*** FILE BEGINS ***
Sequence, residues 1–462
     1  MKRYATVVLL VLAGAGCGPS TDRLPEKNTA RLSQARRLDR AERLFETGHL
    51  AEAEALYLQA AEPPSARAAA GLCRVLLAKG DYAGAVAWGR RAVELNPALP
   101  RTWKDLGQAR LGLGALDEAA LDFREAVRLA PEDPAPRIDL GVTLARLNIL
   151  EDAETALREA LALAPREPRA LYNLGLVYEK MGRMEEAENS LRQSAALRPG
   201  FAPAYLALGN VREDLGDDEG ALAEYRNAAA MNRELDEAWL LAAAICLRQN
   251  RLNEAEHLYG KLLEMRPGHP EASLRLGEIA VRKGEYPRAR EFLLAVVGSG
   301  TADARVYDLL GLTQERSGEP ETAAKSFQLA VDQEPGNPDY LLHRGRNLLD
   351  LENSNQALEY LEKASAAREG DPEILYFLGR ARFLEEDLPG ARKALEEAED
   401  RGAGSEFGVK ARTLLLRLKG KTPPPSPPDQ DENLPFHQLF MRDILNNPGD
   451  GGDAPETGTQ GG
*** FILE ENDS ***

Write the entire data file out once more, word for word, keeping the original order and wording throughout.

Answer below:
Sequence, residues 1–462
     1  MKRYATVVLL VLAGAGCGPS TDRLPEKNTA RLSQARRLDR AERLFETGHL
    51  AEAEALYLQA AEPPSARAAA GLCRVLLAKG DYAGAVAWGR RAVELNPALP
   101  RTWKDLGQAR LGLGALDEAA LDFREAVRLA PEDPAPRIDL GVTLARLNIL
   151  EDAETALREA LALAPREPRA LYNLGLVYEK MGRMEEAENS LRQSAALRPG
   201  FAPAYLALGN VREDLGDDEG ALAEYRNAAA MNRELDEAWL LAAAICLRQN
   251  RLNEAEHLYG KLLEMRPGHP EASLRLGEIA VRKGEYPRAR EFLLAVVGSG
   301  TADARVYDLL GLTQERSGEP ETAAKSFQLA VDQEPGNPDY LLHRGRNLLD
   351  LENSNQALEY LEKASAAREG DPEILYFLGR ARFLEEDLPG ARKALEEAED
   401  RGAGSEFGVK ARTLLLRLKG KTPPPSPPDQ DENLPFHQLF MRDILNNPGD
   451  GGDAPETGTQ GG